They’re one of the “Big Five” countries that automatically qualify for the grand final. And they have a rich history at Eurovision, having participated since the inaugural contest back in 1956. From a series of near-bottom finishes to remarkable turnarounds and at least two wins, Germany really has experienced more highs and lows than any rollercoaster (say it with us in German: achterbahn) at Europa Park. While there’s many decades to reminisce over, our next Eurovision Memories post from Florian looks at his home country in the 2010s – from a win, to nul points, to a legendary comeback.
Eurovision 2010: Oslo
This was in fact my first time watching the contest (simply wasn’t allowed to stay up this long before!) I wasn’t aware of the entire Eurovision bubble by any means, but knew we had a chance this time around. Lena‘s “Satellite” received massive support in Germany and there was some serious hype going on. And what a night it was! Receiving points from countries you could only think about at Eurovision was so relieving – an experience I’ll always remember! And, of course, this made me decide to follow the contest in depth now that it was coming to Germany.
Eurovision 2011: Düsseldorf
Taking place in my home nation, this was a very special contest for me. Not only was the show amazing (probably still my favourite to this day), there was also lots of fantastic entries. Lena put on another remarkable, yet totally different, show and I really loved it, too. Can we talk about how much Switzerland was robbed though? They clearly deserved better than that disastrous finish! The winner wasn’t exactly my cup of tea either, but overall to this day I look back to the Düsseldorf contest in the most positive way possible. Not to forget that we welcomed Italy back to the Eurovision family! Fantastico!
Eurovision 2012: Baku
This year had its highs and lows for me. While the whole atmosphere didn’t live up to recent years, once again, there was some amazing songs in the running. This will probably sound way too cliché, but “Euphoria” is still that song (for real!). We also had some epic moments with performances from Albania and Russia! Roman Lob did leave a great impression in Baku which resonated with both juries and televoters. Having to follow the footsteps of Lena, he faced a huge challenge, but for sure he delivered!
Eurovision 2013: Malmö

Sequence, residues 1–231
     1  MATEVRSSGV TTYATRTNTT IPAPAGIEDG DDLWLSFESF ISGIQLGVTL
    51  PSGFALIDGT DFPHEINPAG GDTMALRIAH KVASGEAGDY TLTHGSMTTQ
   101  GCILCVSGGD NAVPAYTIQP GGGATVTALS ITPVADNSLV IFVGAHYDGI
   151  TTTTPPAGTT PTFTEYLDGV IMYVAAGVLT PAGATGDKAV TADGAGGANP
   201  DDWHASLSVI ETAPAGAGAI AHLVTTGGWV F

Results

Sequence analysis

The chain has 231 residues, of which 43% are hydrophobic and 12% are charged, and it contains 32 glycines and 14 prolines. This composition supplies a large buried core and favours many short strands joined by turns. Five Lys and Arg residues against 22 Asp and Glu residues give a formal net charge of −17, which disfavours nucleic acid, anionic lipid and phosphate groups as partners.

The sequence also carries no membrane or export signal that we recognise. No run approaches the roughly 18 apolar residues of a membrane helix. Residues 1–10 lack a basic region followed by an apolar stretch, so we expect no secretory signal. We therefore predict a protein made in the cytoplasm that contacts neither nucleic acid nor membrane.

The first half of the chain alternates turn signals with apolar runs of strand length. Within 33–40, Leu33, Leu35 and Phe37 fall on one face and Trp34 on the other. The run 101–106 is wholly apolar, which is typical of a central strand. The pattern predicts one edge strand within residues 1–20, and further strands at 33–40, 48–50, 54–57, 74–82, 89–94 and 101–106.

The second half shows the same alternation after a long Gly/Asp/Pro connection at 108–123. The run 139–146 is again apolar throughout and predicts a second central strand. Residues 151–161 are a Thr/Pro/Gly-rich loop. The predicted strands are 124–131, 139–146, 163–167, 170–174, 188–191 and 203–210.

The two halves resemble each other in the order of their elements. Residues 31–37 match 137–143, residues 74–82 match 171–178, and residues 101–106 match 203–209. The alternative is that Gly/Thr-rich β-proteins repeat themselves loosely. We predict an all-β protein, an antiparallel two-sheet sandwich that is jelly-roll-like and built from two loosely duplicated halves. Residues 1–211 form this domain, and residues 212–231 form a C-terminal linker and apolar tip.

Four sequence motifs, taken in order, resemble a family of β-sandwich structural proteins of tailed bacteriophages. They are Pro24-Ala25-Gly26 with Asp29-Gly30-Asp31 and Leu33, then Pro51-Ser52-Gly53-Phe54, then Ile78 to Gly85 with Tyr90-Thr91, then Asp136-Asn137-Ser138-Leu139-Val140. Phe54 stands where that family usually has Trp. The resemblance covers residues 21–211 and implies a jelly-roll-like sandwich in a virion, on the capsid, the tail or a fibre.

There was a point where I saw us heading off to another great year at Eurovision. Yes, there were loads of discussions going on with the similarities to “Euphoria”, but I knew that Natalie Horler, lead vocalist of Cascada, has the stage presence to deliver a great show and get those televotes. How wrong that played out! The voting part honestly felt like a party with no people coming to celebrate — what went wrong? That probably remains my biggest question of the entire year. Otherwise, the contest hosted by Petra Mede was another great edition.
Eurovision 2014: Copenhagen
My first (and so far only) Eurovision experience was surreal. I won’t forget the moment when Conchita was announced as the winner and the entire arena went crazy. It was one of the best experiences ever! Unfortunately for Elaiza, the competition was really strong and thus they couldn’t live up to their potential (and the running order… a disaster!) I guess that, while being a solid entry, it simply wasn’t enough to stand out from some of the other amazing performances from the likes of Austria, the Netherlands or Spain.
Eurovision 2015: Vienna
This year didn’t go as planned by any means. And looking back, it was all destined to go wrong after the events at the national final. But we did eventually prove that Spain isn’t the only country serving some good Eurodrama! Sadly, there wasn’t much Ann Sophie could do to turn her fate around. She did, however, take it with great humour — we are the zeros of our times!
Eurovision 2016: Stockholm
If there is a way to get depression from watching Eurovision, this was the year it all happened. While the stage presentation was a little too much, the song definitely wasn’t as bad as its result in Stockholm may suggest. With another unfortunate finish for Germany, I did start questioning whether we’d get back to better results anytime soon. It all seemed like despite trying different national final formats, nothing proved to get us back to the successful times of the beginning of the decade. Some even suggested that NDR should show the cold shoulder and say goodbye — thankfully that wouldn’t happen!
Eurovision 2017: Kiev
“Perfect Life” wasn’t the strongest song by any means, but Levina did the best that she could. The moment she performed Adele’s “When We Were Young” at the national final, I knew that she had something special. To my disappointment, the right song for her wasn’t there. Thus, the final outcome in Kiev wasn’t any big surprise, really. Still, Portugal’s victory should encourage all of us that there’s always a way to get back on the right path — you gotta keep trying!
Eurovision 2018: Lisbon
A totally renewed national final worked in our favour and Eurovision depression is no longer a thing in Germany! Michael Schulte‘s emotional performance didn’t only earn him a fourth place at the competition, he even went on to win one of the famous Bambi awards. His song received huge airplay as he landed in the top 20 of the Dutch year-end airplay charts. German Eurofans regained faith and — thank god — the fun didn’t stop with the votes coming in. Eventually, it could also make up for the weak performance at the Football World Cup later last year — they could take some things from the recent German rollercoaster ride at Eurovision to regain focus to lead them to better results.
What are your best and worst memories of Germany during recent years? Do you think there are some underrated songs or did they rightfully fail? Let us know down below!